• Citybox, a Chinese smart vending machine company backed by Alibaba Group's Ant Financial, has raised $15 million in Series A funding from Blue Lake Capital, GGV Capital, Yunqi Partners and Zhen Fund.

• HowStufWorks, an Atlanta-based podcasting company, has raised $15 million in Series A funding led by The Raine Group. The deal is part of a spinout from former parent company System1 (in which Raine once had a stake).

• Good Feeling Group, a Chinese fitness club chain, has raised $14 million in Series B funding. China Merchants Bank led the round, and was joined by Century Golden Resources Corp.

• Gamer Sensei, a Boston-based online lesson platform that connects professional eSports players with amateurs, has raised $4 million in new VC funding from Advancit Capital and return backer Accomplice.

• 7shifts, a Canadian provider of workforce scheduling software for the restaurant market, has raised US$3.5 million in new VC funding from Tandem Capital and return backer Relay Ventures.

• SafeTrek, a St. Louis-based provider of a personal safety app, has raised $3.2 million in seed funding. Cultivation Capital led the round, and was joined by NEA, Maveron and Aspect Ventures.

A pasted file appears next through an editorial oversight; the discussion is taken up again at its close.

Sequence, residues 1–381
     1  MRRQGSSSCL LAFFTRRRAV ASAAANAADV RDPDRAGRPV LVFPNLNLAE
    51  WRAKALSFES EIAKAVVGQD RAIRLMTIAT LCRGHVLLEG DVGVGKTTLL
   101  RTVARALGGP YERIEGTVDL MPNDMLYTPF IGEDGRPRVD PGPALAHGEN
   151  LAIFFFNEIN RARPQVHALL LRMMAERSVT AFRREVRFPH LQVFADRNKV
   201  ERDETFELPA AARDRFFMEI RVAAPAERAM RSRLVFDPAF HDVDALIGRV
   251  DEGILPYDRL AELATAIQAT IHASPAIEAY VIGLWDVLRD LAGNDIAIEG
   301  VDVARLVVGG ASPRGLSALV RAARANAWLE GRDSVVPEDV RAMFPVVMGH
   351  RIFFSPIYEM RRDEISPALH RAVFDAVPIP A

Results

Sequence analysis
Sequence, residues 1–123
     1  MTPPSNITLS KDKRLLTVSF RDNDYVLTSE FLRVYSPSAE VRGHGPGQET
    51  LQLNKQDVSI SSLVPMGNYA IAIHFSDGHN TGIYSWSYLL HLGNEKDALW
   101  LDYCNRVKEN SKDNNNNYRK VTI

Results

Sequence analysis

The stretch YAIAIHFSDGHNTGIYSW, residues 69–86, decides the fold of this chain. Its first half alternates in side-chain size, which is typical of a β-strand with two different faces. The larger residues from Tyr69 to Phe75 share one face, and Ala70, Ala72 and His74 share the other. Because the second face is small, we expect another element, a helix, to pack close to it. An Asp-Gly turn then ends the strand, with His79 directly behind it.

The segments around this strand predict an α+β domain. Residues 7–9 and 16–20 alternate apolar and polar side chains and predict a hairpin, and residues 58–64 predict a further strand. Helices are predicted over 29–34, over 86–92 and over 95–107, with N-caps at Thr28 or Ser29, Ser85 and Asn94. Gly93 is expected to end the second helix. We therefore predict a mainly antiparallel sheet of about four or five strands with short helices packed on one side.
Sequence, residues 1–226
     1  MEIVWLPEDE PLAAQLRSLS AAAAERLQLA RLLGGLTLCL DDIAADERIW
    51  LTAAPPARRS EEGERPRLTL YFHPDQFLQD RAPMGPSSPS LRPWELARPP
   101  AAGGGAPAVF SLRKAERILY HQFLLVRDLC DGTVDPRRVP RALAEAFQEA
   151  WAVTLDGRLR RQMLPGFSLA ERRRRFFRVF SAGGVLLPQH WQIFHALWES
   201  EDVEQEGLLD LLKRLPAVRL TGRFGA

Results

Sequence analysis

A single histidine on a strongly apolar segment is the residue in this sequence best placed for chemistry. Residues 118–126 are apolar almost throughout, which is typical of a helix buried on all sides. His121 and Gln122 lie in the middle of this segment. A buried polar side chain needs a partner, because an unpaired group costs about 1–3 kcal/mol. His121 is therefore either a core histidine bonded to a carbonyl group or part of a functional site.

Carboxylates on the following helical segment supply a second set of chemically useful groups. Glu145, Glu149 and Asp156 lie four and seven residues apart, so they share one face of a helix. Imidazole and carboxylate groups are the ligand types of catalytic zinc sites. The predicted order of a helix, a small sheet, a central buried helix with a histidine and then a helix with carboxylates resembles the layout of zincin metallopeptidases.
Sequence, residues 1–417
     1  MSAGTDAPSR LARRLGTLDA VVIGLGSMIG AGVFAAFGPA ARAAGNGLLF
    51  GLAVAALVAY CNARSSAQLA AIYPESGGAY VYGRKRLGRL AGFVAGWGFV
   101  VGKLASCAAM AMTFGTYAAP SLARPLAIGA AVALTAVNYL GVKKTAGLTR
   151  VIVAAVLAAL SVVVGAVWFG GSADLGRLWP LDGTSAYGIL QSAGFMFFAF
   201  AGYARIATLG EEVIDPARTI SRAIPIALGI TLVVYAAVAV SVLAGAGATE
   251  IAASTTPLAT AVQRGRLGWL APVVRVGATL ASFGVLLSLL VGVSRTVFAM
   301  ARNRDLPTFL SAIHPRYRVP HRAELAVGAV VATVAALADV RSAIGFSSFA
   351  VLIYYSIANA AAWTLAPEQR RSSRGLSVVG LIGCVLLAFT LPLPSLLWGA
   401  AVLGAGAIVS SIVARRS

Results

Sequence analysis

• Islands, a new social group app initially focused on college students, has raised $1.85 million in new VC funding from Greylock, Vaizra Investments and Scott Belsky.

• UBLTD, a Montreal-based VR and AR content and tech studio, has raised C$1.1 million in seed funding from individuals like David Reckziegel of Rex Media Capital.

• Bambu, a Singapore-based B2B robo-advisor, has raised an undisclosed amount of funding from Franklin Templeton Investments, Wavemaker Partners and Robby Hilkowitz.

• Tencent Music Entertainment Group, an operator of streaming music and karaoke apps that is controlled by China's Tencent, is seeking an undisclosed amount of pre-IPO funding at a $10 billion valuation, per Bloomberg.

Private Equity Deals

🚑 The Carlyle Group and GTCR have completed their previously-announced $922 million take-private acquisition of contract drug manufacturer Albany Molecular Research (Nasdaq: AMRI).

• Centerbridge Partners has agreed to acquire British insurer Sompo Canopius from Japan's Sompo Holdings (Tokyo: 8639) for $952 million.

• Equistone Partners Europe has acquired a majority stake in DefShop, a German multichannel retailer for streetwear and hip-hop clothing. No financial terms were disclosed. Selling founder Alexander Büchler will retain a minority equity position.

• Hellman & Friedman is in pole position to acquire Denmark-based payments processor Nets, which could be valued at more than $5 billion, according to the FT.